Yale University, through sheer fear, decides to follow the rulings of the most censorious Muslim fanatics rather than defend the spirit of free inquiry that was once a glory of Western civilisation:
So Yale University and Yale University Press consulted two dozen authorities, including diplomats and experts on Islam and counterterrorism, and the recommendation was unanimous: The book, “The Cartoons That Shook the World,” should not include the 12 Danish drawings that originally appeared in September 2005. What’s more, theyÂ suggested that the Yale press also refrain from publishing any other illustrations of the prophet that were to be included, specifically, a drawing for a children’s book; an Ottoman print; and a sketch by the 19th-century artist Gustave DorÃ© of Muhammad being tormented in Hell, an episode from Dante’s “Inferno” that has been depicted by Botticelli, Blake, Rodin and DalÃ.
The book’s author, Jytte Klausen, a Danish-born professor of politics at Brandeis University, in Waltham, Mass., reluctantly accepted Yale University Press’s decision not to publish the cartoons. But she was disturbed by the withdrawal of the other representations of Muhammad. All of those images are widely available, Ms. Klausen said by telephone, adding that “Muslim friends, leaders and activists thought that the incident was misunderstood, so the cartoons needed to be reprinted so we could have a discussion about it.”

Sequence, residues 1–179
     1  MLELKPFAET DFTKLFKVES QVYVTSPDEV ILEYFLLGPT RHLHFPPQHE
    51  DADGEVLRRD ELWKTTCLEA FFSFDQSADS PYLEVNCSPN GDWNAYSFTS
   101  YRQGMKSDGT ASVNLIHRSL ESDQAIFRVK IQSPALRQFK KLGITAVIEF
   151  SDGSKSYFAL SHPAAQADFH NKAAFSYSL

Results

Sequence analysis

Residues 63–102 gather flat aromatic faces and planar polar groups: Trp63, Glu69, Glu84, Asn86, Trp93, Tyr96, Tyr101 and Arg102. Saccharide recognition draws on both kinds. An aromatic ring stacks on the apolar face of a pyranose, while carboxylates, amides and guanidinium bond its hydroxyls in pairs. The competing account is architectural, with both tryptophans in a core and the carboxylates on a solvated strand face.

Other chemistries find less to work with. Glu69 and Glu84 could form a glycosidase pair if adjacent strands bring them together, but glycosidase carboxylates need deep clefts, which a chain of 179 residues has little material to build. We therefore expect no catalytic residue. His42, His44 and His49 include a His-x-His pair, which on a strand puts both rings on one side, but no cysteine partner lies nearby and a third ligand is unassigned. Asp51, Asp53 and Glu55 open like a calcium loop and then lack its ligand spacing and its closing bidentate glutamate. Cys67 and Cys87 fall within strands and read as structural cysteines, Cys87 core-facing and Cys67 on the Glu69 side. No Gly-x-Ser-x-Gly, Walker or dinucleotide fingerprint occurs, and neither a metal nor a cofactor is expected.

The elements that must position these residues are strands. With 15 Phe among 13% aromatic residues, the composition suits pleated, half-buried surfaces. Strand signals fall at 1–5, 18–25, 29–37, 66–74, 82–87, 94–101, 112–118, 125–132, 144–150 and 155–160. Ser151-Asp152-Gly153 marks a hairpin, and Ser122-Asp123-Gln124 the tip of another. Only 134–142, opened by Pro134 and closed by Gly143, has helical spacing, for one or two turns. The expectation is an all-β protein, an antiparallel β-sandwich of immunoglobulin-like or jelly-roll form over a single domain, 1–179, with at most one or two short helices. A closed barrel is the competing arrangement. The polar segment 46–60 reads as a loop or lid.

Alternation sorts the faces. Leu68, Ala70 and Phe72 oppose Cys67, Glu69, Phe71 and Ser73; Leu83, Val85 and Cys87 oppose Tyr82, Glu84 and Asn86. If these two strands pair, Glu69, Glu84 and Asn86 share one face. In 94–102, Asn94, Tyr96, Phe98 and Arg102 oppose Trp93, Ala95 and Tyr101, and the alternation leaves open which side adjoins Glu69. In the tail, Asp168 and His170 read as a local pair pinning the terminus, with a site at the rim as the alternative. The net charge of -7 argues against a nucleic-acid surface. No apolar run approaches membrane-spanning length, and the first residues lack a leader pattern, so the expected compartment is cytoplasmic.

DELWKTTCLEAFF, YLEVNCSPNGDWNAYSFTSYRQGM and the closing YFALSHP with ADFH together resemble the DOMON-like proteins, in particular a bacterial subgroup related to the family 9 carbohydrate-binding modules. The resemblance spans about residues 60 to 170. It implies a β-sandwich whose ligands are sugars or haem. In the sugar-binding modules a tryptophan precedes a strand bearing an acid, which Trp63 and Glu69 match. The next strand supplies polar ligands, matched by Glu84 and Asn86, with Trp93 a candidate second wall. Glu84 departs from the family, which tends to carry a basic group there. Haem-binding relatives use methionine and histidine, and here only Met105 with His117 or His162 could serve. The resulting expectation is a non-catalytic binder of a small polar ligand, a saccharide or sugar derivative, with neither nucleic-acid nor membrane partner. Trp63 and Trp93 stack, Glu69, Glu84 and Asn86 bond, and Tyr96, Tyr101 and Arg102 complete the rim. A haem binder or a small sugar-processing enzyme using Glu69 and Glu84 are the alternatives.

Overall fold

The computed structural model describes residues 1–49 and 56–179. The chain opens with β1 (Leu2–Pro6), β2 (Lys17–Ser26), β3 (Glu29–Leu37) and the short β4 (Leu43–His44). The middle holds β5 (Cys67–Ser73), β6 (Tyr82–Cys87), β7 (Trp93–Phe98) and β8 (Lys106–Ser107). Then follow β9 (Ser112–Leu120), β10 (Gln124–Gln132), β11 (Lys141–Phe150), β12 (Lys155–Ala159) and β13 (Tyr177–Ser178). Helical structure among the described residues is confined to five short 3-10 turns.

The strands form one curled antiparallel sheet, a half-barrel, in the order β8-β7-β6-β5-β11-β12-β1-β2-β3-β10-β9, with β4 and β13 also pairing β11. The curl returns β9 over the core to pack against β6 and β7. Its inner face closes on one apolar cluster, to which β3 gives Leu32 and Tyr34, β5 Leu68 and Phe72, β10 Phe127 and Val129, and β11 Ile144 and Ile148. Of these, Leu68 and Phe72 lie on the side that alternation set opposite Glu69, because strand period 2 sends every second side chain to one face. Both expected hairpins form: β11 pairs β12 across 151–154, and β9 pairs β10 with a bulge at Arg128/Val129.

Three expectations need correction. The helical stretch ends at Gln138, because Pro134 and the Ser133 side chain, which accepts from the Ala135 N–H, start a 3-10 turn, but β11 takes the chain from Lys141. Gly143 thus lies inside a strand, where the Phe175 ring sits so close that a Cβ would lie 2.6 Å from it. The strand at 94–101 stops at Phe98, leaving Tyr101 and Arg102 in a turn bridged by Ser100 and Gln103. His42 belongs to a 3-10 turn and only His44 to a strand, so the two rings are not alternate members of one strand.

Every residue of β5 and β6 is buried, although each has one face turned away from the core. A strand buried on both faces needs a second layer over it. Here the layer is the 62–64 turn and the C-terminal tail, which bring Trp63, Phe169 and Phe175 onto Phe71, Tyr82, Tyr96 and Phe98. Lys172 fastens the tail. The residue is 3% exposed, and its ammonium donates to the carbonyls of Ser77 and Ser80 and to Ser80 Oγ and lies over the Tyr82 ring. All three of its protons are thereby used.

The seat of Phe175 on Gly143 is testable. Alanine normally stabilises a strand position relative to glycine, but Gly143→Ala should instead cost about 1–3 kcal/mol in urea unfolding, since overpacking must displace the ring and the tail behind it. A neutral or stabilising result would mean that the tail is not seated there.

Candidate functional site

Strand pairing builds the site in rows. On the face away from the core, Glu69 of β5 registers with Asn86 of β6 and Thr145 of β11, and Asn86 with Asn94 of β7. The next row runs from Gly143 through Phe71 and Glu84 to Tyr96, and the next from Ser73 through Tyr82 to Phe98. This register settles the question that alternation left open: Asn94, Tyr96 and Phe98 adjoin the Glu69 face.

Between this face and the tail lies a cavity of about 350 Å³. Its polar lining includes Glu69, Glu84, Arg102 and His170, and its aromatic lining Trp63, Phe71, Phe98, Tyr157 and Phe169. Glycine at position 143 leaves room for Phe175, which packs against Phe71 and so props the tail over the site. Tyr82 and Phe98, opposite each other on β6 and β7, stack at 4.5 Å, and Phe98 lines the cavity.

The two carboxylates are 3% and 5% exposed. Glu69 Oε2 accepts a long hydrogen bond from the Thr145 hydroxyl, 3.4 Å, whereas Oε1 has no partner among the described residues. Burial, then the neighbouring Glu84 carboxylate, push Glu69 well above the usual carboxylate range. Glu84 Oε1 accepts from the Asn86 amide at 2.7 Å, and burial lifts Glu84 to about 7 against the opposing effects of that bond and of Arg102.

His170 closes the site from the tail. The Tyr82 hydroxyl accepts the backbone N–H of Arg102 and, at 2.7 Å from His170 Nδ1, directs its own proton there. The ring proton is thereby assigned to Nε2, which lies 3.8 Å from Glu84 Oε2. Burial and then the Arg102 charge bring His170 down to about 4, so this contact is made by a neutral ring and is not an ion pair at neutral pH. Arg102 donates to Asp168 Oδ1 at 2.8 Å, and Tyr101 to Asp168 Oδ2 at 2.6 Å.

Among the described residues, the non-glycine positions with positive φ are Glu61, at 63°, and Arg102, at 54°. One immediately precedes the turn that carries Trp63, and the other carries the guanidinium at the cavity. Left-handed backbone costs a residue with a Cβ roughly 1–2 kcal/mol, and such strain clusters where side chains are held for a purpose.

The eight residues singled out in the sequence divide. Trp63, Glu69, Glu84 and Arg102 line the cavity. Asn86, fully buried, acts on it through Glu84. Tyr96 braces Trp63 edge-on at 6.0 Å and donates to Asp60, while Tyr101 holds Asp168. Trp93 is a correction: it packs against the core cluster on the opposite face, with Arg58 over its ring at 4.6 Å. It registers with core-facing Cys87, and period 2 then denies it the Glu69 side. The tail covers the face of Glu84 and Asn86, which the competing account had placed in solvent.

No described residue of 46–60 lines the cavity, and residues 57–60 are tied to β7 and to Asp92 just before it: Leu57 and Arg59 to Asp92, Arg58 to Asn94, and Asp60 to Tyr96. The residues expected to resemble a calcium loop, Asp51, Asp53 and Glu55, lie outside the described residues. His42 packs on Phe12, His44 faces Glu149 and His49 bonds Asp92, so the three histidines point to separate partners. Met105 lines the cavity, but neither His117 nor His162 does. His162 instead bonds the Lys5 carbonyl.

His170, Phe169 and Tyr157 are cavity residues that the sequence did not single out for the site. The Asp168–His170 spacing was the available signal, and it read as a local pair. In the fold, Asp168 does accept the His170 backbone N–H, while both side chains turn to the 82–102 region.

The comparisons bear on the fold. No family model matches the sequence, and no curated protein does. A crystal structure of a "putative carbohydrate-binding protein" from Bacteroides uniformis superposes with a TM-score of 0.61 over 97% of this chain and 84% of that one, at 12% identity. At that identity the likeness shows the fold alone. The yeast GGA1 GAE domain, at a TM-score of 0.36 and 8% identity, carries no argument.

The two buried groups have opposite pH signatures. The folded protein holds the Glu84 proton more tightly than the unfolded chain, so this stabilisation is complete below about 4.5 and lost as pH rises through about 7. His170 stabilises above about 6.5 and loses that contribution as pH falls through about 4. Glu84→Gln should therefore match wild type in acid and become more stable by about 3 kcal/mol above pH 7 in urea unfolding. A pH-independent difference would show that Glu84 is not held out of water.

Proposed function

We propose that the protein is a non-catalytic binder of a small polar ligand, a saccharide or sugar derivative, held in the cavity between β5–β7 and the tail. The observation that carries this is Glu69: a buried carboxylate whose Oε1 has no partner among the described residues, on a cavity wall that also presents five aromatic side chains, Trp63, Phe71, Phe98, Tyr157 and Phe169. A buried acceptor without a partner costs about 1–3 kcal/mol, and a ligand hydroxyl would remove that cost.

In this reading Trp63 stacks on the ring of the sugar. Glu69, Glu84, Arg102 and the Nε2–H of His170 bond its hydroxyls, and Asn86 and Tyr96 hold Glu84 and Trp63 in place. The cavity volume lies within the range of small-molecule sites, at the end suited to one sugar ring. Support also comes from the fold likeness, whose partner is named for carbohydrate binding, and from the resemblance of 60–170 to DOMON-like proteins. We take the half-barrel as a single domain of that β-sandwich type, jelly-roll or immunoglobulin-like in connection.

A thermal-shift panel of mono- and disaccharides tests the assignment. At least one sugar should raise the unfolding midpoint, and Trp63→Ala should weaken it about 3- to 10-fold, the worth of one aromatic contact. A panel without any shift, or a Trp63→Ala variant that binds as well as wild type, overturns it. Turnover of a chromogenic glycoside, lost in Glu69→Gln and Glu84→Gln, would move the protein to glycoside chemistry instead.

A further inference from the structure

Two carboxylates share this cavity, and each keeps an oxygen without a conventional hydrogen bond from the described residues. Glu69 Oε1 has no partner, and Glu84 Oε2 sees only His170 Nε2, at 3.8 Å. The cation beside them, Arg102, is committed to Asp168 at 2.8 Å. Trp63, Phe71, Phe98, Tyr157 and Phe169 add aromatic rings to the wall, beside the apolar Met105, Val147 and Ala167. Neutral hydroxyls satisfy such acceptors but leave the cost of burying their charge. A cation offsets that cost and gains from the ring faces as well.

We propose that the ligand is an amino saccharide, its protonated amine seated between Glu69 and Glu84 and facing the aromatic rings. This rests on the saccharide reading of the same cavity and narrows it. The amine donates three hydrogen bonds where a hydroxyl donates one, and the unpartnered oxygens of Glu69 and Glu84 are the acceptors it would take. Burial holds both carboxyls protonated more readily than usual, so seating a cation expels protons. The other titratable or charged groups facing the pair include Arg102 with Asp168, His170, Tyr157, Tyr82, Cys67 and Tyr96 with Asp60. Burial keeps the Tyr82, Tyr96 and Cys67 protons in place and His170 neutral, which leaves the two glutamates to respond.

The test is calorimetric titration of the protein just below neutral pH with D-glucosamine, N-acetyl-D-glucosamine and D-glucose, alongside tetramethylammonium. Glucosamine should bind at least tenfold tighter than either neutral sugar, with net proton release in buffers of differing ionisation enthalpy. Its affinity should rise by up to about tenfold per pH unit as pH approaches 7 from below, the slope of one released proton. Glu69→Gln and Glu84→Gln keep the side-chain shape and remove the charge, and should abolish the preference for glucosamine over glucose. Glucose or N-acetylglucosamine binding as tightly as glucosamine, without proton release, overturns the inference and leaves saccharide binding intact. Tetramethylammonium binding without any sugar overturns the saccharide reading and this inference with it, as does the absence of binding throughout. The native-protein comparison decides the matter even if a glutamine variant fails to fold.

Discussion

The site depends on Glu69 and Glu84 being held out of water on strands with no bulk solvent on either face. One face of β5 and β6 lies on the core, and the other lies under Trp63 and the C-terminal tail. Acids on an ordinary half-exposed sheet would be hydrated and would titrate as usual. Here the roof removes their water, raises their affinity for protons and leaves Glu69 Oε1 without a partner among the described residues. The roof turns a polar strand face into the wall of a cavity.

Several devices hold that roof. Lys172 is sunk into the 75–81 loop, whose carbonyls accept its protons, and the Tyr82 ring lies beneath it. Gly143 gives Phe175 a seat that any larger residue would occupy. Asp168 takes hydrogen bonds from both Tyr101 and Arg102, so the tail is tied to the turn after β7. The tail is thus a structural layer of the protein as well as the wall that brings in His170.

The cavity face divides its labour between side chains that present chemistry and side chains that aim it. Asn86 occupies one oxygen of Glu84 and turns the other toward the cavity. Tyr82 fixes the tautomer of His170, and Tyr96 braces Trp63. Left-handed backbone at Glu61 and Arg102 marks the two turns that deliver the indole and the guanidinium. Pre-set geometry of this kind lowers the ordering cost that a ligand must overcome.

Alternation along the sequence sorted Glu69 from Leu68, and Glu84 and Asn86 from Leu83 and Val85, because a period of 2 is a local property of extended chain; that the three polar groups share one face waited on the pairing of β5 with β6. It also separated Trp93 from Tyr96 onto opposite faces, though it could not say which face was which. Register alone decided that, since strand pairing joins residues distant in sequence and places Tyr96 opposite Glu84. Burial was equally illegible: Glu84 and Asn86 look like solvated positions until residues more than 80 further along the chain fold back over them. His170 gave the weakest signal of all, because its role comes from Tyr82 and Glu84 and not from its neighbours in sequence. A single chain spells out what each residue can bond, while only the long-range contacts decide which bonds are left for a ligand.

Yep. Take this, you bastards!
Considered blasphemous by Muslims, one of the Jyllands-Posten Mohammed cartoons is a hit with collectors
Kurt Westergaard’s controversial drawing of Islamic prophet Mohammed with a bomb in his turban is proving to be big business for printers, art galleries and â€“ not least â€“ Westergaard himself.
Skanderborg’s Galleri Draupner, whichÂ will soon beÂ exhibitingÂ several works by Westergaard, indicated it has sold numerous autographed prints of Westergaard’s illustration.
B.T. newspaper reports that the galleryÂ has askedÂ famed auction house Sotheby’s in London to fix a selling price for the original drawing, which Westergaard is considering selling. A top American collector has appraised the illustration’s value at $150,000.
A Baltic-based printing company is also profiting from the work. It has sold 870 copies of the 1,000 copied and sells for $250 each.
The Jyllands-Posten Mohammed drawings were first printed in September 2005. The move touched off numerous violent protests worldwide from offended Muslims and resulted in extensive damage to several Danish embassies.